Tulane’s Freeman School of Business set out to unify two halls into one complex by adding a 45,000-sq.-ft., four-story addition and renovating 40,000 sq. ft. of classrooms and lecture halls. Inspired by Tulane’s mascot, the Wave, and several 100-year-old oak trees lining the street, a scalloped curtainwall was designed as the heart of the project. Given the historical significance of the trees and weather-related conditions that are an ongoing threat to New Orleans, it was critical to preserve the trees and provide protection against extreme weather while achieving LEED Gold criteria.
The YUW 750 XT unitized curtainwall was selected to meet these goals. One of the highest performing, impact-resisting products on the market, YUW 750 XT can achieve a U factor of up to 0.32 BTU/(h°F ft²). An advanced thermal barrier protects against interior moisture and it interfaces with ThermaShade sunshades for added performance. For further protection, 1.3125-in. thick insulating glass with Butacite 090 PVB interlayers were incorporated.
The unique shape presented design challenges. First, while the layout of the scalloped steel worked in CAD, it didn’t work on site. As a result, areas which weren’t at a 90-degree angle didn’t match the field layout. Because little product had been fabricated, fortunately, adjustments to YUW 750 XT were made with minimal delay and were modified based on the already-implemented design of the structural steel and curbs.
Second, YUW 750 XT required more than a standard mullion: five custom mullions, two concave mullions and two convex mullions were needed to create the shape. Third, to correctly position custom sunshades and fins, each mullion shape required a custom anchor bracket machined specifically for their location, resulting in many permutations of anchor brackets. Since most mullions weren’t rectangular, horizontal face covers were ever-changing. Likewise, the unit module for locating sunshades and fins was different from the face cover dimension and varied from opening to opening. Rather than face covers being cut squarely, they were miter cut to accommodate the scalloped shape.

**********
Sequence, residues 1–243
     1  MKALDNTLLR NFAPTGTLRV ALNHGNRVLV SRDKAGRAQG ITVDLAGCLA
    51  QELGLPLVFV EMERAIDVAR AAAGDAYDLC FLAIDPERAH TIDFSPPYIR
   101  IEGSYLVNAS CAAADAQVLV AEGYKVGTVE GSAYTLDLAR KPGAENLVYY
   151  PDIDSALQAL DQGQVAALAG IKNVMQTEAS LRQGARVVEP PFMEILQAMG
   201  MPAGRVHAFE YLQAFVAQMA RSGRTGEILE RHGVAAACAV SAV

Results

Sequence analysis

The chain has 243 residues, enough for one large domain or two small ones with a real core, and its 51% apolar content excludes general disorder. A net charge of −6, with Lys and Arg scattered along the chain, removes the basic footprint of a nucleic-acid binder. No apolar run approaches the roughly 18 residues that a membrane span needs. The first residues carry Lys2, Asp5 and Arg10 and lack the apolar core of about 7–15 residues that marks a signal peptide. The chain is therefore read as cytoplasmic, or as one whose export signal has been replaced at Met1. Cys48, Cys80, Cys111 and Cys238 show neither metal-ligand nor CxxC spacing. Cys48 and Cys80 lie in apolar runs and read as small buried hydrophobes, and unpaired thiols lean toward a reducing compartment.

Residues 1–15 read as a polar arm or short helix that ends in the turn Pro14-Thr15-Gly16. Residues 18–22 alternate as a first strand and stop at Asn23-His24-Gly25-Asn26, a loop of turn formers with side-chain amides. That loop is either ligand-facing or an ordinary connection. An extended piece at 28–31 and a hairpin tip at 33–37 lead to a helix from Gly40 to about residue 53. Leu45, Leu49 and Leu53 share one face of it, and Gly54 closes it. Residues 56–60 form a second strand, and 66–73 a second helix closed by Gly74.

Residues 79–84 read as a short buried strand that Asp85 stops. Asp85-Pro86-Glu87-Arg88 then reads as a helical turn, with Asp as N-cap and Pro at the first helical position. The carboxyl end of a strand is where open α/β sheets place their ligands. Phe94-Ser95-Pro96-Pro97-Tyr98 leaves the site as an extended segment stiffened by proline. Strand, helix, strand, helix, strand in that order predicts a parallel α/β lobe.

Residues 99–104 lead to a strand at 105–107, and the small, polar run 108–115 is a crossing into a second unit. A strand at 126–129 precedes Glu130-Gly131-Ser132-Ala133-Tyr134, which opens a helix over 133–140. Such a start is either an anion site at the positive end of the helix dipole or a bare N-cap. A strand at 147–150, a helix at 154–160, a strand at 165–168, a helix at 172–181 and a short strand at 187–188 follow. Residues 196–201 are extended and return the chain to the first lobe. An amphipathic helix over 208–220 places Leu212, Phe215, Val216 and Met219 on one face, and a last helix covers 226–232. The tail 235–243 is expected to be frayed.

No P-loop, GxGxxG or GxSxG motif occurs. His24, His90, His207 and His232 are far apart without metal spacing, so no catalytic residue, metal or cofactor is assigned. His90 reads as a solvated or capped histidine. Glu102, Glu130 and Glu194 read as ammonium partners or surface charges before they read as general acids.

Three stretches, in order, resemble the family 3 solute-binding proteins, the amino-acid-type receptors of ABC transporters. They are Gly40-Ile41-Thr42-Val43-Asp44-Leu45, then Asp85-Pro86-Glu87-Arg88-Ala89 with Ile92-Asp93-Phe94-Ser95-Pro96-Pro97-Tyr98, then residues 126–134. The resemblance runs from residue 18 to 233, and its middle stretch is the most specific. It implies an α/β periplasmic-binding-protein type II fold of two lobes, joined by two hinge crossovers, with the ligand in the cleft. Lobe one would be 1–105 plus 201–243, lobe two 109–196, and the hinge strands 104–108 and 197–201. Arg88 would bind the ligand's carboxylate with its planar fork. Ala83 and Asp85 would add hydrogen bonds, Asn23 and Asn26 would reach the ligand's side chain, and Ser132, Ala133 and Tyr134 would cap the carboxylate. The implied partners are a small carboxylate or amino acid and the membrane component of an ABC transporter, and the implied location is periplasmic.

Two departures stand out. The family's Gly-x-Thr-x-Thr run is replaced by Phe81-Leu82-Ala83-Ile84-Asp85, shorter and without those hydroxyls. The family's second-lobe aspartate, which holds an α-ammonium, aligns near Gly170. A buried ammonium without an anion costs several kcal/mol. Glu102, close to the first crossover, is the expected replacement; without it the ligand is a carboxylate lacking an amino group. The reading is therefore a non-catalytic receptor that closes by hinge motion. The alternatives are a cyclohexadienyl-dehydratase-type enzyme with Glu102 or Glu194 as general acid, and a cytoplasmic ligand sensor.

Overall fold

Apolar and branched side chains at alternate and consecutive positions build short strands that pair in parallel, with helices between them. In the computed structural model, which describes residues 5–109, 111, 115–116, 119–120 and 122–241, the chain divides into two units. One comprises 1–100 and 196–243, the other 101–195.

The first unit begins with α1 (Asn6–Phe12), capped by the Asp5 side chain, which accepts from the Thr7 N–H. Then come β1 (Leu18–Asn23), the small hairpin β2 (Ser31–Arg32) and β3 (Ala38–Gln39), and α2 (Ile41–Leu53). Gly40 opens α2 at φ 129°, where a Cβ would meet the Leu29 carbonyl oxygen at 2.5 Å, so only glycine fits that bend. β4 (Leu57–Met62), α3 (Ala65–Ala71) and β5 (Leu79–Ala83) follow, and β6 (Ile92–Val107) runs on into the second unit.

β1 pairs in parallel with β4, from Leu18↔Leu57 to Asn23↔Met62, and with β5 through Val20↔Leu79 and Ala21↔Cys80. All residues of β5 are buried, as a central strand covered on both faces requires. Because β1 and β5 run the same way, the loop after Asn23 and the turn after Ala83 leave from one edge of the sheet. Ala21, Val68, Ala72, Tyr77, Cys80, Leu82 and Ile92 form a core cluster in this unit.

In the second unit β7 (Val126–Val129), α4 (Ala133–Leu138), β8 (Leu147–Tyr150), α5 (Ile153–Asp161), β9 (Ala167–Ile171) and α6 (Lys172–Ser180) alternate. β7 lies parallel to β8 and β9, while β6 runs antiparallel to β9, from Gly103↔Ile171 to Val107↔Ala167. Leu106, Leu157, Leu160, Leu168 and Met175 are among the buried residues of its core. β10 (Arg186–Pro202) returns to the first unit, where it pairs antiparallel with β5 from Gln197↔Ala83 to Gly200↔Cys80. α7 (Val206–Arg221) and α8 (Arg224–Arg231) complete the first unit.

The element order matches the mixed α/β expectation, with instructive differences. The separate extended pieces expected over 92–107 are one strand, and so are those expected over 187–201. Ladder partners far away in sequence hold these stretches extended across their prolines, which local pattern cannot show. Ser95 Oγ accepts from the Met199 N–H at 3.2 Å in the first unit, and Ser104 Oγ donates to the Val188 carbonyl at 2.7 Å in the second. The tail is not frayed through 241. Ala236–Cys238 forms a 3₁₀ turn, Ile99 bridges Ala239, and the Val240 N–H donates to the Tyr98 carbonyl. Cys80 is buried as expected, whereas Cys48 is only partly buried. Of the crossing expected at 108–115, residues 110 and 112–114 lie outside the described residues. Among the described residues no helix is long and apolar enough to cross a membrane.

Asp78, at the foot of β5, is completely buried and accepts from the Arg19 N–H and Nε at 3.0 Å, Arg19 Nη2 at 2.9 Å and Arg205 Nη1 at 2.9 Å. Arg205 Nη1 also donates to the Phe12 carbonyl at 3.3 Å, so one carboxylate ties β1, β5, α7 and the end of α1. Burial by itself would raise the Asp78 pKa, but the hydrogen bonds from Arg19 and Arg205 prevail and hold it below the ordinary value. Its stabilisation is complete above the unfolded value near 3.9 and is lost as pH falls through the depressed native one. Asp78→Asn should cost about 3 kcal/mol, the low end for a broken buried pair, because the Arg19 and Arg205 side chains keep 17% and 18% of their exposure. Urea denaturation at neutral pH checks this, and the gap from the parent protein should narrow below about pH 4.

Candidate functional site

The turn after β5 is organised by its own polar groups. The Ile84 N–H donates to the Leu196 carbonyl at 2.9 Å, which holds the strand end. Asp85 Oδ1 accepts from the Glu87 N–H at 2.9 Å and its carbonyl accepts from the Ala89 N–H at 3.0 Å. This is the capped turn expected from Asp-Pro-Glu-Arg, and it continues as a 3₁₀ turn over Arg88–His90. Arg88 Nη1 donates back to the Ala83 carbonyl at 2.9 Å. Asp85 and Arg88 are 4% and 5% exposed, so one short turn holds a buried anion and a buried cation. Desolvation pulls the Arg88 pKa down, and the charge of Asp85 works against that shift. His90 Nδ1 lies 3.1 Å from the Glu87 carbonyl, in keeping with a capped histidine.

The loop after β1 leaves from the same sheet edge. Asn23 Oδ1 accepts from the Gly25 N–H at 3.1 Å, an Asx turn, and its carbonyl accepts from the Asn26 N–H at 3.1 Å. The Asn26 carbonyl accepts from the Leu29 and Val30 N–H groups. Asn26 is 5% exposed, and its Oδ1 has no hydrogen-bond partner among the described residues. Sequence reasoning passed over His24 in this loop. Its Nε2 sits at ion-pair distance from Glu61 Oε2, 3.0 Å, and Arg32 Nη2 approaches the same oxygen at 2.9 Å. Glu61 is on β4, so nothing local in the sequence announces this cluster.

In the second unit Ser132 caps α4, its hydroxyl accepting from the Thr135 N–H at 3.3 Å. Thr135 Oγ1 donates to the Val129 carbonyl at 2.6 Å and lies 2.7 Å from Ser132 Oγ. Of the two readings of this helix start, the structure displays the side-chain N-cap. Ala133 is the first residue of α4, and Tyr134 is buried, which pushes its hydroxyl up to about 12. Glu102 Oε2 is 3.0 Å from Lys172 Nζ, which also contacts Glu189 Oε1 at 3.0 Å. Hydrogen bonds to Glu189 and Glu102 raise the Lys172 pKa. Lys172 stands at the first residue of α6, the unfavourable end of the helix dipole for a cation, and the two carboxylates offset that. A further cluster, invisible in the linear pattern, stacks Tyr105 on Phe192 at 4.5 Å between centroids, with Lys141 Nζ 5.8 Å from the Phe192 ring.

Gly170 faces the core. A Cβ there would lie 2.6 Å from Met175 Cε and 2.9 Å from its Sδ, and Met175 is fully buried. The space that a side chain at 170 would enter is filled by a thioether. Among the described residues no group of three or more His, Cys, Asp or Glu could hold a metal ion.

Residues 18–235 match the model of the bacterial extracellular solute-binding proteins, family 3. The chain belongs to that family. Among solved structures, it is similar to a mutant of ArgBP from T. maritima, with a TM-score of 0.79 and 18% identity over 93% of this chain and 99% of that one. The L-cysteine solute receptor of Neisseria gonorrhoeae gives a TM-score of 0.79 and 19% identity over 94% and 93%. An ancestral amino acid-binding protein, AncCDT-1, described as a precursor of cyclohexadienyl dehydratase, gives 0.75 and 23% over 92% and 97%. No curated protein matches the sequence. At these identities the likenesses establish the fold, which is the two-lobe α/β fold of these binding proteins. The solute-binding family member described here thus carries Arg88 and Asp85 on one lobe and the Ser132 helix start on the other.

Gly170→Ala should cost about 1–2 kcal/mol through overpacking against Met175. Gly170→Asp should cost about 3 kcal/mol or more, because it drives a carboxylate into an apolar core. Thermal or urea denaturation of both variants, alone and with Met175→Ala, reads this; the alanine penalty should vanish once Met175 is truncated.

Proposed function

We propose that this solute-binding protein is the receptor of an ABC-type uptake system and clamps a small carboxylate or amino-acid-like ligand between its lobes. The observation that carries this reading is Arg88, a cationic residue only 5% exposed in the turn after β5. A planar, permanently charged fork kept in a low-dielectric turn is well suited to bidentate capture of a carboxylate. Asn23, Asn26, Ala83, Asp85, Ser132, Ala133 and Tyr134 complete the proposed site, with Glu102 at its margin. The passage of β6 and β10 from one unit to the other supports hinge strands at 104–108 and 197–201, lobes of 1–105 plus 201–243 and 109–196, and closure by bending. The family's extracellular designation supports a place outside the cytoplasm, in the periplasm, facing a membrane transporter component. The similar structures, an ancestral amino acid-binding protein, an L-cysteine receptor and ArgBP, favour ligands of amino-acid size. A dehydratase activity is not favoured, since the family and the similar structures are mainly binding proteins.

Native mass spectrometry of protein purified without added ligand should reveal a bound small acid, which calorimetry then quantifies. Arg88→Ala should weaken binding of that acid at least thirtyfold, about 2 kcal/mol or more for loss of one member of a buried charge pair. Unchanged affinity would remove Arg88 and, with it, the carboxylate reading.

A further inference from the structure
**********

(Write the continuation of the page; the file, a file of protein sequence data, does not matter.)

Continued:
The new complex serves as an ode to the university and gives respect to the 100-plus years old trees.
Judge’s Comment: “First, any product and project that not only considers, but saves existing trees, is a winner in my book. Now, a curtainwall product that allows for innovative architecture, particularly more organic forms, while delivering envelope performance—that’s a combination I can back, especially as it’s resulted in a great looking building that totally works in context of the school’s nickname.”